Pope Francis reflects on the Sacred Triduum
Reflecting on the celebration of the Sacred Triduum which begins on Holy Thursday, and during which we commemorate Jesus’ passion, death and resurrection, Pope Francis made the following comments:
The Easter Triduum is the apex of our liturgical year and it is also the apex of our lives as Christians.
We begin the Triduum – he continued – by celebrating the Mass of the Lord’s Supper, as we recall Christ’s offering of his body and blood to the Father, which he gave to the Apostles as food for their nourishment, with the command that they perpetually celebrate these mysteries in his memory.
He said we also recall the Lord washing the Apostles’ feet, through which he showed that the “purpose of his life and passion was to serve God and neighbour, a service which we are called to imitate by loving one another as he loved us.”
This purpose – Pope Francis explained – is expressed also during our Baptism, when the Lord’s grace cleansed us from sin and we “put on the new self” in the image of Christ (Col 3, 10). And it happens each time we partake in the Eucharist and enter into Communion with Christ to obey his commandment to love Him as he loved us. If we take Communion without being sincerely ready to wash each other’s feet – Francis said – we do not acknowledge the Lord’s Body: “Jesus’ service is to give of himself, totally.”
On Good Friday – the Pope continued – we will meditate on the mystery of Christ’s death and we will adore the Cross.
During the last instants of his life, “before handing over the spirit” – he said – Jesus said “it is finished” (John 19, 30), meaning – the Pope explained – that Salvation has taken place; “that with his sacrifice Jesus has transformed the greatest injustice into the greatest love.”
By his sacrifice – Francis said – sin has been overcome through love, an immense love which we are called to live and transmit.
Throughout the centuries – he continued – many men and women have borne witness to this perfect, uncontaminated love, with their very existence.
“I like to remember a heroic witness of our days, Fr Andrea Santoro, a priest of the Diocese of Rome and a missionary in Turkey,” the Pope said.
Just a couple of days before being assassinated in Trebizond he wrote: ‘I am here to live amongst the people and to allow Jesus to be here lending him my flesh (…) One becomes capable of salvation only when offering one’s flesh. The evils of the world must be carried and shared, one must allow them to be absorbed into one’s flesh, as Jesus did.’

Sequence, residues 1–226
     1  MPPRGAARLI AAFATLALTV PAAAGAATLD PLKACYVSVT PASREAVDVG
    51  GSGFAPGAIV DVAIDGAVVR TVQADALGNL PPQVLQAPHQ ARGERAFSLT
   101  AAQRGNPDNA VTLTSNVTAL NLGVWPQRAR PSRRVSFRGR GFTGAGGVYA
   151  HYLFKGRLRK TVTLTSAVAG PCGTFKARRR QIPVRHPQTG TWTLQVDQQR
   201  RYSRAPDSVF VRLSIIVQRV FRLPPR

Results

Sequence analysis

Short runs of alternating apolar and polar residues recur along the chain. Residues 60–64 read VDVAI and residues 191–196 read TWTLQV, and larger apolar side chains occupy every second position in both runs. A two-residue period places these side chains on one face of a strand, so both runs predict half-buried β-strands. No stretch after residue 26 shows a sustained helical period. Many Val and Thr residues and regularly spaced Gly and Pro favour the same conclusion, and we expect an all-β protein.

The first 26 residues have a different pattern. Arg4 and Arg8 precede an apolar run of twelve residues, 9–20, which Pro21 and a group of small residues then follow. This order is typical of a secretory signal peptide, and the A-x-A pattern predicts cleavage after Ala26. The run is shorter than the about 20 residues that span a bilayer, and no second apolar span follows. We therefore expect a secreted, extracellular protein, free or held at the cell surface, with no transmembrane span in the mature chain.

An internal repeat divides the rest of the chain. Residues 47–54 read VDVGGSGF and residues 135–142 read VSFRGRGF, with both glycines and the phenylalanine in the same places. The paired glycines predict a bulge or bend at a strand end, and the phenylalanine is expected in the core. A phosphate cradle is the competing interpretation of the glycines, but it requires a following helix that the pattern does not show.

Pope Francis said that Fr Santoro is a man of our time, and he said there are many other true martyrs today “who offer their lives with Jesus to confess their faith.”
How beautiful it will be – the Pope said – if at the end of our lives, with all of our errors and our sins as well as our works of charity and our love for our neighbour, we will be able to say: ‘it is finished’. And not with the perfection with which Jesus said it, but knowing that we did what we could.
Let us ask the Lord for the grace – the Pope said – to be able to say: “Father, I did what I could. It is finished.”
On Holy Saturday – he continued – we will contemplate Jesus’ lying in the tomb, and with Mary, the Church will keep alive the flame of faith, hoping against every hope in Christ’s resurrection.
Then, at the Easter Vigil, when the Alleluia resounds again, we will celebrate the Risen Christ, the centre and fulfilment of the universe and history.
And pointing out that “at times the darkness of the night seems to penetrate into our souls; and that at times we think ‘there is nothing left to do’ and our heart seems to have lost the strength to love….” Pope Francis said that it is in that very darkness that “Christ lights up the fire of God’s love: a flash of light breaks the darkness and announces a new beginning.”
It is in that darkness – he said – that Christ wins and lights the flame of love.
And urging the faithful to open their hearts to a “present which is full of future.” the Pope said “our life does not end before a tomb stone, our life continues with the hope of Christ who arose from the tomb.”